Elite Beat Agents is a music game for the DS. It takes its mechanics and much of its style from a Japanese game called Osu! Tatakae! Ouendan; apparently, however, Nintendo of America thought that my country’s youth would prefer secret agents to male cheerleaders dressed in black, and American pop to J-pop. (Imagine that.)

The cool video game bloggers all disagree with NoA on that score, and I suspected that I’d prefer the original, too, but I didn’t feel like ordering it from an import store. And the US version has gotten reasonably good reviews – clearly its sense of style hadn’t entirely vanished in translation.

I was a bit dubious about the idea of a rhythm game on the DS, but the mechanics turn out to work rather well. Numbered buttons appear on the screen, with shrinking circles surrounding them; you’re supposed to tap the buttons when the circles shrink to the size of the button. There are also some paths which you have to move your stylus along as the speed of a ball. Pretty basic stuff, kind of artificial, but I’m not sure it’s any more so than any other rhythm game out there. (It just doesn’t have an alternate controller hiding the artificial nature.)

It begins with two difficulty levels opened up; I tried the harder one. And I was glad I did: the first few songs were quite easy. Fun, though – I didn’t mind the music, and the illustrations that went along with them were pretty funny. (My favorite one is when you play Leonardo da Vinci trying to woo Mona Lisa with your fabulous drawings and inventions.) Five or six songs in, though, it starts getting harder: I was working just to survive the songs, let alone to get a good rating on them. (Depending on how you’re doing during the story interludes in the song, you’ll get a good result or a bad result in the interludes: Mona Lisa may like you or spurn you, etc.) The last three, plus the one where you’re a car company heir dressed as a ninja sneaking into your competitor’s factory to retrieve some plans, are all really tough.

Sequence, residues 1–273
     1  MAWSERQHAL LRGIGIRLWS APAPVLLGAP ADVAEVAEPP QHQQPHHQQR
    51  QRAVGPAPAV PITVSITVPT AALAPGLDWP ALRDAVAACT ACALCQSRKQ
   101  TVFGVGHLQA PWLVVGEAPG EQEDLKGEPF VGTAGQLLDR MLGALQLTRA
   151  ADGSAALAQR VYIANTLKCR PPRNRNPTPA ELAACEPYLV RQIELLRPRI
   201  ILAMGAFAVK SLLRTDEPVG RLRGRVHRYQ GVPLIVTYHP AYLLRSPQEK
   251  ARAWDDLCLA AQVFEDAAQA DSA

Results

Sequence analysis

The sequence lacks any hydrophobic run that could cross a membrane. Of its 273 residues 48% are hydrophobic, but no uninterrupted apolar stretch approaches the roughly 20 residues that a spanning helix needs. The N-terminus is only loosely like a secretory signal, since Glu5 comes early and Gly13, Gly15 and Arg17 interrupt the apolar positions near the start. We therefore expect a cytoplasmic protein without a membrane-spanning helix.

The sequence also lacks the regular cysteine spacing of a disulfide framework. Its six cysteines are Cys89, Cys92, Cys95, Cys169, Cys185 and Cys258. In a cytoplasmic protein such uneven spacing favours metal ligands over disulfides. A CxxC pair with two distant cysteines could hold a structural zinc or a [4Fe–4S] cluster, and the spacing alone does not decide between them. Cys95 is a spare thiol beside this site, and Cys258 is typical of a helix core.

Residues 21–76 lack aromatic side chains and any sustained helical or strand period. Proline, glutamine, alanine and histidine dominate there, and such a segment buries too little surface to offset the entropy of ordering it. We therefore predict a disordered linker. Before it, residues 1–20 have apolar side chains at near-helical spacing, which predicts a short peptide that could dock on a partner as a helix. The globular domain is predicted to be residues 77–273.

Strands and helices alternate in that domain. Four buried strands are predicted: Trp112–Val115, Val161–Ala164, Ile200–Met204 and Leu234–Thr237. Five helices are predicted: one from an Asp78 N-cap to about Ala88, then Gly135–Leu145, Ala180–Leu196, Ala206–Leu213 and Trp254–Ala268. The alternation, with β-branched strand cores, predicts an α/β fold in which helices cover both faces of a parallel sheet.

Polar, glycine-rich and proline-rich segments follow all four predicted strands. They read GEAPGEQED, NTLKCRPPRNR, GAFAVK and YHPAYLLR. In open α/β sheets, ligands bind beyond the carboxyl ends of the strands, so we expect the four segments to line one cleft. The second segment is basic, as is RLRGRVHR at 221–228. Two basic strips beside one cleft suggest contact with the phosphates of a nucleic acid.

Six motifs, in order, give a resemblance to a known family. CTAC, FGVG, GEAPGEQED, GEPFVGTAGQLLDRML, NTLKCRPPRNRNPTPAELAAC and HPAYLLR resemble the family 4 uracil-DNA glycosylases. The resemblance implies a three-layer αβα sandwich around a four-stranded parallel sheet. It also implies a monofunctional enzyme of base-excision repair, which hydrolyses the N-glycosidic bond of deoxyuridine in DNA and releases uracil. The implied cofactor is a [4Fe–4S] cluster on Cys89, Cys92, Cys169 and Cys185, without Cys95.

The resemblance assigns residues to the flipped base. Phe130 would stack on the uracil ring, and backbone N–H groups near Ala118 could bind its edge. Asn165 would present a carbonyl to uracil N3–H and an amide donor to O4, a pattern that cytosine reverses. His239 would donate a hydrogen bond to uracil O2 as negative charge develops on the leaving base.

After which I unlocked the third difficulty level, and had to start all over again. Again, the earlier songs were really easy, but the later levels were quite tough. This time, though, when I got frustrated with the later levels, I went back and replayed them on the second difficulty level; they’d magically gotten quite easy in the interim. Which is a good sign on the gameplay mechanics: there is a real learning curve, you do get better as you go along, and getting through the tough ones is more of a matter of skill than luck.

And by the last level on the fourth and hardest difficulty setting, I needed all the skill I could muster. I think it took me something like three hours to make it through that level, and the part of my finger where the stylus rests was starting to get sore. But I never (well, almost never) felt that it was being unfair: I just had to do a better job of memorizing the tricky bits, and not losing my concentration over the course of the four or five minutes that it took to get through the song.

Liesl likes it, too: she’s banging her head against the third difficulty level now. (Or maybe she’s just finished that, I can’t quite remember.) When I finished it, I thought I’d go out and get the Japanese version, but I’m holding off for now; I’m in the mood for more J-pop (my entire collection of which consists of the two Katamari soundtracks, plus a greatest hists collection by Tsuji Ayano containing the excellent theme song from The Cat Returns – any other recommendations?), but the one video I’ve watched of a level on the Japanese version didn’t immediately grab me. And I have enough other games on my maybe-play list that I should give other genres a try.

Recommended; not as wide a range of songs as DDR, I suppose I like the controls in Guitar Hero a bit more, but worth playing.

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